Linux is a multi-user environment so each user is also assigned
a specific directory that is accessible only to them and the system
administrator. These are the user home directories, which can be
found under '/home/$USER' (~/). It is your playground: everything
is at your command, you can write files, delete them, install
programs, etc.... Your home directory contains your personal
configuration files, the so-called dot files (their name is
preceded by a dot). Personal configuration files are usually
'hidden', if you want to see them, you either have to turn on the
appropriate option in your file manager or run ls with the -a
switch. If there is a conflict between personal and system wide
configuration files, the settings in the personal file will
Dotfiles most likely to be altered by the end user are probably
your .xsession and .bashrc files. The configuration files for X and
Bash respectively. They allow you to be able to change the window
manager to be startup upon login and also aliases, user-specified
commands and environment variables respectively. Almost always when
a user is created their dotfiles will be taken from the /etc/skel
directory where system administrators place a sample file that
user's can modify to their hearts content.
/home can get quite large and can be used for storing downloads,
compiling, installing and running programs, your mail, your
collection of image or sound files etc.
The FSSTND states that:
/home is a fairly standard concept, but it is clearly a site-specific
Different people prefer to place user accounts in a variety of places.
This section describes only a suggested placement for user home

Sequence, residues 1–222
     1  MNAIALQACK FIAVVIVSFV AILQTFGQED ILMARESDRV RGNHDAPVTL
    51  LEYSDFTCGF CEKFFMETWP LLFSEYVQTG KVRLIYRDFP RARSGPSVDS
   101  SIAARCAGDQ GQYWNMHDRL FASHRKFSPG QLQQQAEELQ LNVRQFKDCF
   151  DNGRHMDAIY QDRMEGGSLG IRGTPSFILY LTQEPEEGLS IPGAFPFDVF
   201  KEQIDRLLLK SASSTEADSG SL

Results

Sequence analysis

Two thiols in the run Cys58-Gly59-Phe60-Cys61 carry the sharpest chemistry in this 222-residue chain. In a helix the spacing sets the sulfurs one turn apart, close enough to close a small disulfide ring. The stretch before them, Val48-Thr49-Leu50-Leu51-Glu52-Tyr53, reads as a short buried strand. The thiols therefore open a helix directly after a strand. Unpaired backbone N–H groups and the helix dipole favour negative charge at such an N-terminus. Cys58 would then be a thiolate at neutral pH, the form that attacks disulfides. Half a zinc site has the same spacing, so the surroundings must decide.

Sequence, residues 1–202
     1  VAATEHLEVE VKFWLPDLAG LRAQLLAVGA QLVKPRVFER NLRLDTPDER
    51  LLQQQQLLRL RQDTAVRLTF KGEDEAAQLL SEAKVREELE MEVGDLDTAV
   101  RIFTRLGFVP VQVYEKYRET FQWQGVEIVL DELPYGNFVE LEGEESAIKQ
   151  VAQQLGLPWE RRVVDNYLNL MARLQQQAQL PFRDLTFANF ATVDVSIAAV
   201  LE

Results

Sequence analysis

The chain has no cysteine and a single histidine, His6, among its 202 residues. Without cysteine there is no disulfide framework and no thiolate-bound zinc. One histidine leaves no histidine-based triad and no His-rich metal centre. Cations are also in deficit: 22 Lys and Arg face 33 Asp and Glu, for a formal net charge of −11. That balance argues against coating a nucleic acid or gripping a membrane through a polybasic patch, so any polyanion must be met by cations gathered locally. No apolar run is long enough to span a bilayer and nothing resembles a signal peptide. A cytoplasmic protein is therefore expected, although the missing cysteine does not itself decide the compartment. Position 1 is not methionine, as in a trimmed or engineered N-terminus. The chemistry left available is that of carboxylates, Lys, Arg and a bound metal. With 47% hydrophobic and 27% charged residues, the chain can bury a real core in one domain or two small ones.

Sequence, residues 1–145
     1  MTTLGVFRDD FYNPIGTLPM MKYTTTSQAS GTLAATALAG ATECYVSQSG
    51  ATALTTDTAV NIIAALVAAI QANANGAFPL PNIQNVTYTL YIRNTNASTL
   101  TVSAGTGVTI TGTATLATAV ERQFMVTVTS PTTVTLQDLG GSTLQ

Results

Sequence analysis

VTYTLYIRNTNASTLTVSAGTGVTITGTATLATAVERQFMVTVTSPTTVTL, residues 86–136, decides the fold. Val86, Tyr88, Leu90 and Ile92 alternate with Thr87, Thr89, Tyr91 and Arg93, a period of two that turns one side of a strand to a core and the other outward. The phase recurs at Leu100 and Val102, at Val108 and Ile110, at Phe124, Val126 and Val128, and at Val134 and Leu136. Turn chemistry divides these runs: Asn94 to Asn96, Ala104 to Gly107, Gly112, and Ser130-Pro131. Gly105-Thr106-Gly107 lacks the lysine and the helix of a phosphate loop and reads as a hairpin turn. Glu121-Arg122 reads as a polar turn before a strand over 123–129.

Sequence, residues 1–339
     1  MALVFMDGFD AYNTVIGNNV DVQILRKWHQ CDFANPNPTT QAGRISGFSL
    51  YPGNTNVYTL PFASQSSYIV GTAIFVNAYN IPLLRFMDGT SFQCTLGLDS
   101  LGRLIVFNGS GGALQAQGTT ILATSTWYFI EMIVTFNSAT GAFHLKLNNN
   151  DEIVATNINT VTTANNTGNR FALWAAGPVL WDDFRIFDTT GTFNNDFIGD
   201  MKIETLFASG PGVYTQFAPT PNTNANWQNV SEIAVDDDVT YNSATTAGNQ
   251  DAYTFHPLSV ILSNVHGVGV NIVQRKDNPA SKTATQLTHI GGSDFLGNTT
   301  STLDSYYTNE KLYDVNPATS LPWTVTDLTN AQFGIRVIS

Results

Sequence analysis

directories; nevertheless we recommend that all FHS-compliant
distributions use this as the default location for home directories.
On small systems, each user's directory is typically one of the many
subdirectories of /home such as /home/smith, /home/torvalds,
/home/operator, etc. On large systems (especially when the /home
directories are shared amongst many hosts using NFS) it is useful
to subdivide user home directories. Subdivision may be accomplished by
using subdirectories such as /home/staff, /home/guests, /home/students,
The setup will differ from host to host. Therefore, no program
should rely on this location.
If you want to find out a user's home directory, you should use the
getpwent(3) library function rather than relying on /etc/passwd because
user information may be stored remotely using systems such as NIS.
User specific configuration files for applications are stored in the
user's home directory in a file that starts with the '.' character
(a "dot file"). If an application needs to create more than one dot
file then they should be placed in a subdirectory with a name starting
with a '.' character, (a "dot directory"). In this case the
configuration files should not start with the '.' character.
It is recommended that apart from autosave and lock files programs
should refrain from creating non dot files or directories in a home
directory without user intervention.